Privatization Watch - 06/2017

Launching on the opening day of the High Level Political Forum at the United Nations in New York this new global report assesses how privatization and corporate capture have become obstacles to progress under the 2030 Agenda.

"In the 2030 Agenda governments committed to a revitalized Global Partnership between States and declared that public finance has to play a vital role in achieving the SDGs. But in recent decades, the combination of neoliberal ideology, corporate lobbying, regressive fiscal policies, tax avoidance and tax evasion has led to a massive weakening of the public sector and its ability to provide essential goods and services. The same corporatized strategies and fiscal and regulatory policies that led to this weakening have enabled an unprecedented accumulation of individual wealth and increasing market concentration.

The proponents of privatization and public-private partnerships (PPPs) use these trends to present the private sector as the most efficient way to provide the necessary means for implementing the SDGs. But many studies and experiences by affected communities have shown that privatization and PPPs involve disproportionate risks and costs for people and the public purse. PPPs can even exacerbate inequalities, decrease equitable access to essential services and jeopardize the fulfilment of human rights.

Therefore, it is high time to counter these trends, reclaim public policy space and take bold measures to strengthen public finance, regulate or reject PPPs and weaken the grip of corporate power on people’s lives. In short, to put ‘people over profit’. These are indispensable prerequisites to achieve the SDGs and to turn the vision of the transformation of our world, as proclaimed in the title of the 2030 Agenda, into reality.”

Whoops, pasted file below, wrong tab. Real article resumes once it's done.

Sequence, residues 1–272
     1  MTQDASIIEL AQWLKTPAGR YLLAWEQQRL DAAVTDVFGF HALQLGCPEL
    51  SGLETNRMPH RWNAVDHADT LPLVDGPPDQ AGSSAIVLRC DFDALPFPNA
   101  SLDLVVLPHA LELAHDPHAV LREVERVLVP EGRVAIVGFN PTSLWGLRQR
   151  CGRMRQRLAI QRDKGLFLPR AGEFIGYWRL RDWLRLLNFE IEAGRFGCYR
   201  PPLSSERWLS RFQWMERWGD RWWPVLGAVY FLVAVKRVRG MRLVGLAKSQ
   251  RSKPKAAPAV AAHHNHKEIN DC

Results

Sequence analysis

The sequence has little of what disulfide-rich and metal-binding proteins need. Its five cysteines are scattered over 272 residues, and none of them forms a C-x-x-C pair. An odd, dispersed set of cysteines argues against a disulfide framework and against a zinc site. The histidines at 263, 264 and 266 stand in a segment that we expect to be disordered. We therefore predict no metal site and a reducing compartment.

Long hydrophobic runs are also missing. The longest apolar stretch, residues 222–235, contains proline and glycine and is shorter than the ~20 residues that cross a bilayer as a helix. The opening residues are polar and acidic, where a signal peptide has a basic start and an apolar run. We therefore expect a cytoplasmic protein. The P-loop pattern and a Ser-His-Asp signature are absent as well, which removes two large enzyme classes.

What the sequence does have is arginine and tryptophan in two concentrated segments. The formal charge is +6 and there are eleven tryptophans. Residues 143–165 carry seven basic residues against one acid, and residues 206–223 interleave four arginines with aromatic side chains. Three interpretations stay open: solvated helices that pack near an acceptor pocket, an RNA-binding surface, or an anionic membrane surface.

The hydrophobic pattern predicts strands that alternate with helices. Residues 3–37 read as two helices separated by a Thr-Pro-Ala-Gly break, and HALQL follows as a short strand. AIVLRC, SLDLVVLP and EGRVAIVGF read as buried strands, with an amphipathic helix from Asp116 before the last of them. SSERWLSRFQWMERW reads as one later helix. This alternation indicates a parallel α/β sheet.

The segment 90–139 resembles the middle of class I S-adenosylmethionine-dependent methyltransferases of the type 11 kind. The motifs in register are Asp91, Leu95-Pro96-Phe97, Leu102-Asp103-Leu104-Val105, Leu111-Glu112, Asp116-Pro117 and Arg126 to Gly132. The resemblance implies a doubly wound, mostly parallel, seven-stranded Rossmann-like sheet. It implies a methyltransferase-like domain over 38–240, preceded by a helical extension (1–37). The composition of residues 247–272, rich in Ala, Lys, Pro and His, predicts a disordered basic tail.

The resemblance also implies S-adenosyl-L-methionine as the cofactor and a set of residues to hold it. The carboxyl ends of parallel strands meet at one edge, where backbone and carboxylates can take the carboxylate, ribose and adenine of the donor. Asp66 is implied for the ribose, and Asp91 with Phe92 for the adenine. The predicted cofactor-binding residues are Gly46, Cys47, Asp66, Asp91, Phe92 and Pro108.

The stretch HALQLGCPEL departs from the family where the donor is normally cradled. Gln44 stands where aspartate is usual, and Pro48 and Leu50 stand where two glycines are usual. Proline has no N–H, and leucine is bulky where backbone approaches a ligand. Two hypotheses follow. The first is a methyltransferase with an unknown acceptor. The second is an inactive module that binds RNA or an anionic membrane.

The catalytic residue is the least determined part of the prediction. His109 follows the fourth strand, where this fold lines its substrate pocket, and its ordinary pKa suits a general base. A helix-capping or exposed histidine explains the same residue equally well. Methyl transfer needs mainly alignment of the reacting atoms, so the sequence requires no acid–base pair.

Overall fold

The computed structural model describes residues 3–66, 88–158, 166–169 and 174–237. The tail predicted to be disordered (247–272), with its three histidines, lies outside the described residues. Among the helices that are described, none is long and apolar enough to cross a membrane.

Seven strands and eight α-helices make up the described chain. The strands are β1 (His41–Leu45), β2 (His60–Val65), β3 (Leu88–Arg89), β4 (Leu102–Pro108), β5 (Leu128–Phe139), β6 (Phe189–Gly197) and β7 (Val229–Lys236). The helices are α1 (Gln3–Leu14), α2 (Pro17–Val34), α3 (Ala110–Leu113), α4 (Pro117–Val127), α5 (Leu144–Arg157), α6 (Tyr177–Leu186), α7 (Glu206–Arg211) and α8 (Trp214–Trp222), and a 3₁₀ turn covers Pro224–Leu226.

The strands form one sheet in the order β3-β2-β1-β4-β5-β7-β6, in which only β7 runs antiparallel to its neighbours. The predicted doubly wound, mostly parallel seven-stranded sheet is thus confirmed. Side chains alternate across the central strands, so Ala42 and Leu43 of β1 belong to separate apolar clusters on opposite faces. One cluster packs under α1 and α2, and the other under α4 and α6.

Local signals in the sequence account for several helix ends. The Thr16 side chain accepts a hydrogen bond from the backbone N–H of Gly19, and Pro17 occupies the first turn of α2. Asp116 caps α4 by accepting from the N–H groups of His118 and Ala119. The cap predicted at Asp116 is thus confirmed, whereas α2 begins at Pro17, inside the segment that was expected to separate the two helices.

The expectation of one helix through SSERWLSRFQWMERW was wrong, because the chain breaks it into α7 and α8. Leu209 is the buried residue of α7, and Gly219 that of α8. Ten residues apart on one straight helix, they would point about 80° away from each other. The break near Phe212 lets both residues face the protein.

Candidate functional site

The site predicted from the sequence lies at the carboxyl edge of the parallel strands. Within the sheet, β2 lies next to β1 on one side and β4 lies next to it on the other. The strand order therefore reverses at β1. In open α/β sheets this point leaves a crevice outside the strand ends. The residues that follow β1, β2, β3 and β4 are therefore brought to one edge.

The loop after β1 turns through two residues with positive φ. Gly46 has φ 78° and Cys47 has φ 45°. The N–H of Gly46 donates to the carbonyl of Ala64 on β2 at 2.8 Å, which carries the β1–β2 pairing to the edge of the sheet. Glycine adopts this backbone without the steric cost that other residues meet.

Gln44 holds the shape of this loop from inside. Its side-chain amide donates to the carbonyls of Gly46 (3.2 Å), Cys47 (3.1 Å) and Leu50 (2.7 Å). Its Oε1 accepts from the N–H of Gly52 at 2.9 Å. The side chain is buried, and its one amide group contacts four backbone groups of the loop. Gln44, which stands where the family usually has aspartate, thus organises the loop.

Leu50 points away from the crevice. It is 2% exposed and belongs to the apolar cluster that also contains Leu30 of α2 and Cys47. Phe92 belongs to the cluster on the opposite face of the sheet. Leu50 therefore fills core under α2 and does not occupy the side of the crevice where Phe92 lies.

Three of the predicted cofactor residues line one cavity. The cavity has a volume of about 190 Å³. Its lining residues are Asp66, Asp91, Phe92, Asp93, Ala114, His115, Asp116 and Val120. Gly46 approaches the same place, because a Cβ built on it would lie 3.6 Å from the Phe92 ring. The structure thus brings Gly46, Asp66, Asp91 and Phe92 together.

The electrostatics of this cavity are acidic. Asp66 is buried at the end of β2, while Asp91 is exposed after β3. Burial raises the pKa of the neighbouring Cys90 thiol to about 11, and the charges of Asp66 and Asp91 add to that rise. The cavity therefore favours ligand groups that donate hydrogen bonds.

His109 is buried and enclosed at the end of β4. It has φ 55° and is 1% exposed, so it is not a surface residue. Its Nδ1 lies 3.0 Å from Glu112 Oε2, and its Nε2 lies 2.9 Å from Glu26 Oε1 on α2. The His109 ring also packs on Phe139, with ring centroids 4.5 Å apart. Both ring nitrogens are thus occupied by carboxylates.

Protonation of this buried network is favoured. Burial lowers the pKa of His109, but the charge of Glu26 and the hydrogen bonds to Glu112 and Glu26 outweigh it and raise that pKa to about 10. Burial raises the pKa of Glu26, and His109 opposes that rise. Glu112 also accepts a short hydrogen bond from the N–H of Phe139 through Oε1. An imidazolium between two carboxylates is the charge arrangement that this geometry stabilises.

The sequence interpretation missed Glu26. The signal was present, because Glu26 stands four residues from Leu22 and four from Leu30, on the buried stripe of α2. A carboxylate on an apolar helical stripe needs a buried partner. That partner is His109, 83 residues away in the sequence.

The 160-page report is supported by a broad range of civil society organizations and trade unions, and based on experiences and reports by national and regional groups and coalitions from all parts of the world. Its 35 articles and textboxes cover all sectors of the 2030 Agenda and the SDGs, and reflect the rich geographic and cultural diversity of their authors.

Reclaiming Public Service: How cities and citizens are turning back privatization is vital reading for anyone interested in the future of local, democratic services like energy, water and health care. This is an in-depth world tour of new initiatives in public ownership and the variety of approaches to deprivatization.

The horrific fire in London that killed at least 79 people and injured dozens more has raised fundamental questions about government oversight of public housing, privatization of key safety functionsderegulation, official indifference toward poor and working people in gentrifying neighborhoods, broken government oversight of the multiple contractors responsible for repair and safety, the class politics of austerity and deregulation, and stressed out public service workers in underfunded downsizing agencies.  Among the issues raised is the privatization of inspection regimes, a trend which is also seen in the United States.

Speaking of the London Grenfell fire, Ben Bradford, a fire safety expert who is managing director of the risk consultancy BB7, said “that the partial privatization of the building inspection regime sometimes led to a ‘race to the bottom’ to reduce fees and limit the number of safety inspections carried out.” The essential point, architect Deon Lombard writes, is that “public safety should not be privatized. Putting a monetary value on human lives is unacceptable.”